We Just Don’t Know the Impact AI Will Have on Jobs

I like to think I know HR and workforce issues pretty well. I’ve spent a large part of my life researching them. But the more I read about these new technologies, the more I think we just don’t know the impact AI will have on jobs. We’re going to have to learn as we go.

Driverless Cars Are Coming, Till They’re Not, Or Are They?

Just a few years ago, the standard thinking was that a lot of blue-collar jobs would soon disappear due to the advent of driverless vehicles. But it turns out that driving is a lot harder than it looks and AIs just can’t handle the “edge cases” well. Sure, they can handle 98% of driving, but they can’t cope with the unexpected. For example, there’s the case of the self-driving car in San Francisco that didn’t obey an officer’s command to halt when it was in an area where firefighters were working. The cop smashed in the car’s windshield to stop it. That’s the kind of edge case that goes viral.

So, all those ride-sharing and taxi jobs are safe, right? That’s become the new conventional wisdom. For now.

“The white-collar employee’s future is more threatened than the Uber driver, because we still don’t have self-driving cars, but AI can certainly write reports,” Martin Ford, author of Rule of the Robots: How Artificial Intelligence Will Transform Everything, told the BBC.

Well, pardon my skepticism ,Mr. Ford, but I doubt you really know. Right now, there are hundreds of driverless cars in California, many in San Francisco. In fact, there are over 1,400 such vehicles registered in that state, up from just 900 last November, according to the Department of Motor Vehicles. In some parts of San Francisco, these vehicles have become a pretty common sight.

Now, maybe this surge is temporary. Maybe the public will turn against these cars, especially if there’s some well-publicized gruesome accident costing multiple lives. Or, maybe these cars will start appearing in city centers all over California and then beyond. If someone can pay a fraction of a price of an Uber for a ride in a driverless car, you can bet a lot of people will be willing to give them a try.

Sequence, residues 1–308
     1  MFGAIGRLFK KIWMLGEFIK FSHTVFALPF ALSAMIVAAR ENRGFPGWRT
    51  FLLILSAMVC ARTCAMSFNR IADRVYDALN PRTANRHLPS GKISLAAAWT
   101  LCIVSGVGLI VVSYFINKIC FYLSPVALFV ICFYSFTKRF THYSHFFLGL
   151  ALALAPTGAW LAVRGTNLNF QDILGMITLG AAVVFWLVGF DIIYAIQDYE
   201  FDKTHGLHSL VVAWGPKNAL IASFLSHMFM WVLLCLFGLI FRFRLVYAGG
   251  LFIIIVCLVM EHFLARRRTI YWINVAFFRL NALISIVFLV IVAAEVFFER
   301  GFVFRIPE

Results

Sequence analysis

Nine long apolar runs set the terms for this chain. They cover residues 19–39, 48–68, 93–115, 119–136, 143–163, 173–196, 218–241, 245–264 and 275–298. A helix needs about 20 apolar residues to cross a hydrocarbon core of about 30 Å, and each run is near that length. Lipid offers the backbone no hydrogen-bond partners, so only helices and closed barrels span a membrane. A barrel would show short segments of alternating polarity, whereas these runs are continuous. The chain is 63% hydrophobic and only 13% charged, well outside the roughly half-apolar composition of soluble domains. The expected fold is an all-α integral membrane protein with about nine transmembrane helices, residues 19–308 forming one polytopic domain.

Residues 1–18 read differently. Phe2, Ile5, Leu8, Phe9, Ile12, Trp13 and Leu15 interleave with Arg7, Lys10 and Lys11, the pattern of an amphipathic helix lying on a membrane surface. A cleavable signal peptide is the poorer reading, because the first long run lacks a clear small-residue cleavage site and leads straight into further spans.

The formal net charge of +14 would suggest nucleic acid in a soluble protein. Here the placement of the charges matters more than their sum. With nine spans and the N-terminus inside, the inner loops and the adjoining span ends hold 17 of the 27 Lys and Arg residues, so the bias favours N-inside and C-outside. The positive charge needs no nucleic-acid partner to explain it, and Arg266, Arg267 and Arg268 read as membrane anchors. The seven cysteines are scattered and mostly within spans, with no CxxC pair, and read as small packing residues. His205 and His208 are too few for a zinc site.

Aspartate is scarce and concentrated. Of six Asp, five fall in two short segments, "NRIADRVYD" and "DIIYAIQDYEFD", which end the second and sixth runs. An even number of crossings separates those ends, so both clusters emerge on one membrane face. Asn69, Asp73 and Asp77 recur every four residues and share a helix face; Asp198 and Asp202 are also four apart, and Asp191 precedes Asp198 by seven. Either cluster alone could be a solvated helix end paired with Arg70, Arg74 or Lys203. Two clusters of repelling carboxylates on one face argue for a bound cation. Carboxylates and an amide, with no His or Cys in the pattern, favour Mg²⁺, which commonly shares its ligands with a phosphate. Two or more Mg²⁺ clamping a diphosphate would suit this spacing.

The point is, we just don’t know for sure. Mr. Ford is wrong in that we do have self-driving cars, we just don’t have a lot of them yet. The future is, as they say, already here but still unevenly distributed. Things could change…quickly….or not.

Now White-Collar Jobs Are Expected to Evaporate, But Will They?

The new conventional wisdom is that blue-collar jobs are safe while white-collar jobs are on the chopping block. Are all those software development jobs, for example, going out the window because the new generative AIs are pretty good at writing computer code?

Maybe. There are stories of programmers who are able to boost their coding productivity by three times or more as they leverage ChatGPT or other AIs. Let’s assume for a minute that the productivity claim is true. Does it mean that 2 out of 3 programming jobs are now expendable?

Could be. Or, it may be there’s a whole lot of development work out there that companies couldn’t get to because they just couldn’t afford to hire enough developers. If these professionals are three times more productive, then companies stand to earn more money per worker more quickly and can afford to hire more programmers.

Consider the Case of the ATM

Consider the case of the bank teller. For a while, the conventional wisdom was that automated teller machines, or ATMs, would cast bank teller jobs into the dustbin of history. But that’s not what happened. Since 2000, in fact, teller jobs have grown a little faster than the the labor force as a whole. The impact of the ATM machine was not to destroy teller jobs but to increase them.